Eye For Film >> Movies >> Fast Convoy (2016) Film Review
Reviewed by: Amber Wilkinson
Frédéric Schoendoerffer and co-writer Yann Brion take the Luc Besson approach to this slick but tension-lite thriller, which plays out with similar speed to the French director's films in the hopes that its hurtling quality will rush the lack of characterisation and development by us so quickly that we won't notice it. Cinematographer Vincent Gallot also seems to have gone to the CSI Miami school of filtering, with sun-drenched jaundice and reflections in expensive sunglasses the name of the game.
Set on a motorway somewhere just south of the Spanish border, a four-car team of drug runners, forming the convoy of the title, are trucking their illicit load north. There's a scout car up front, the goods in the middle and a near-silent boss and 'fixer' at the rear just in case anything goes wrong - all communicating via mobile phone, with the text messages appearing onscreen. You won't need a map to see where this is going and the hapless crew's encounter with a set of cops leads to a gunfight and hostage taking.
While the action sequences rattle along enjoyably, the plot suffers from being puddled in each of the cars, with the constant back and forth diminishing tension. Up ahead are a wannabe white Islamic-convert Rémi (Leon Garel) and his buddy, holding the hash are the nervy Majid (Foed Amara) and volatile Elyes (Mahdi Belemlih), while boss Alex (Benoît Magimel in a performance that lifts the material) is bringing up the rear. There's another car, too, but it's not long before most of the characters start to blur. Soon the plot is nearly as full of holes as Elyes' car, particularly the incredibly convenient hostage the crew pick up - in a country of Spanish drivers credibility is DOA when Nadia (Reem Kherici) turns out to be French.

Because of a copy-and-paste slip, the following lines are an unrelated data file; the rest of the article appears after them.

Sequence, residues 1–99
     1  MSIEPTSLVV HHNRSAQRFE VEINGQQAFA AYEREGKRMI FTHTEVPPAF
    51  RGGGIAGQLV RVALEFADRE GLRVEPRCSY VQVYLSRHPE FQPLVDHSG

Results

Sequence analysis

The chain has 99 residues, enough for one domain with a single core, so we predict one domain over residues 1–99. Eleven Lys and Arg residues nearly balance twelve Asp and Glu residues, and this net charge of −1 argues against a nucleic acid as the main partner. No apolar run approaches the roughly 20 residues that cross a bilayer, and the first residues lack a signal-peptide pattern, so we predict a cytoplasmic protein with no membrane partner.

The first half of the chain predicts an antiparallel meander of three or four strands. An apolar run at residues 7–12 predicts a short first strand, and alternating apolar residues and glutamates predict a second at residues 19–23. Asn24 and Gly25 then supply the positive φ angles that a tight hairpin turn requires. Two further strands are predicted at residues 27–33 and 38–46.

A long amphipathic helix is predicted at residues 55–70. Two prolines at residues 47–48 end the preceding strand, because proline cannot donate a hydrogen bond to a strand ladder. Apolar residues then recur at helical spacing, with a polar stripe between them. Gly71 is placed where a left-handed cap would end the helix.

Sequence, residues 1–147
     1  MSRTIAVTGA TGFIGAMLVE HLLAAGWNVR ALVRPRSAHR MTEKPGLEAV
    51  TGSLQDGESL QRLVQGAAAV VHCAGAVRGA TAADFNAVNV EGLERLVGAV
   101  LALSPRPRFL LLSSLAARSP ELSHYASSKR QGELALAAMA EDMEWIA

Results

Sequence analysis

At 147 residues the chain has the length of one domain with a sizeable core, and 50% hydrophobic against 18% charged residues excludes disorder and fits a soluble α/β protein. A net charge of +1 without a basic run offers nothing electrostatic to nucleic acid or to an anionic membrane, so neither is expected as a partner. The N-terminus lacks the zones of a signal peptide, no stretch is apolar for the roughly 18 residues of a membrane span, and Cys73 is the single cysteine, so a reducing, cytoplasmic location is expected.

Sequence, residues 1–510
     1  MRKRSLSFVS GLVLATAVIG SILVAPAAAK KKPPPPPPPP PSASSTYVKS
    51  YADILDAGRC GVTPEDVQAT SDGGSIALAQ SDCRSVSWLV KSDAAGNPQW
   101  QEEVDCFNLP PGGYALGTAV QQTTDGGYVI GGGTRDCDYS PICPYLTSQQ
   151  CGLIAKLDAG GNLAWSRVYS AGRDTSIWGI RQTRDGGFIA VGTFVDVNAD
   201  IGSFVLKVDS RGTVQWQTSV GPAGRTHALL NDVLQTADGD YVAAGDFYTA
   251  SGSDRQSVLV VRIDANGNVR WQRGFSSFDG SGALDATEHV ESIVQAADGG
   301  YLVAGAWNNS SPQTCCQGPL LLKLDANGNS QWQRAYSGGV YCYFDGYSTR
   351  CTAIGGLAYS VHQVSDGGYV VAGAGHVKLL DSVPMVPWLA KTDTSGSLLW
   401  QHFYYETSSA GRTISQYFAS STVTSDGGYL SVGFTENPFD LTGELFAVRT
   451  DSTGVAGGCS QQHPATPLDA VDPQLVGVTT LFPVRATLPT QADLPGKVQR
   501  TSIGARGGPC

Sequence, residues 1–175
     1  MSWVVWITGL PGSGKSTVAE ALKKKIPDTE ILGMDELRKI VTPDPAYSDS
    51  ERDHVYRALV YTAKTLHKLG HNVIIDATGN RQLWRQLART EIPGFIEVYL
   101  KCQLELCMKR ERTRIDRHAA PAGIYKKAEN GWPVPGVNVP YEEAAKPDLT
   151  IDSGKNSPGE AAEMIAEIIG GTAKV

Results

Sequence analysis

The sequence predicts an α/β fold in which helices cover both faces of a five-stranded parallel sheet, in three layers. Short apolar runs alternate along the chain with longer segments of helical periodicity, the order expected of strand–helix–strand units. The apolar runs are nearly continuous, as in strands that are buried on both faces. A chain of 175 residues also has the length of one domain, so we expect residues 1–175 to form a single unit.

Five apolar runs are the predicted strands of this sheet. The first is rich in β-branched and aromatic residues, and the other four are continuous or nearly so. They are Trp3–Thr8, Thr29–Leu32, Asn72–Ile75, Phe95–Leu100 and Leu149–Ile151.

It's also worth noting that making a genre film is no excuse for crafting a female character this depressingly weak. Inexplicably, Nadia soon warms to her captors as though all women need to fall in love is the sight of a pair of piercing baby blues and a loaded gun. There's cross and double cross involved but it's hard to care, largely because Schoendoerffer and Brion seem more interested in the shiny surfaces of the cars than the character motors that are supposed to be driving the film. The pace certainly helps but even that feels too fast in the end, charging to a hurried and confusing conclusion.
Fast Convoy will be available on VOD platforms in the US on December 5, 2017Reviewed on: 27 Jun 2016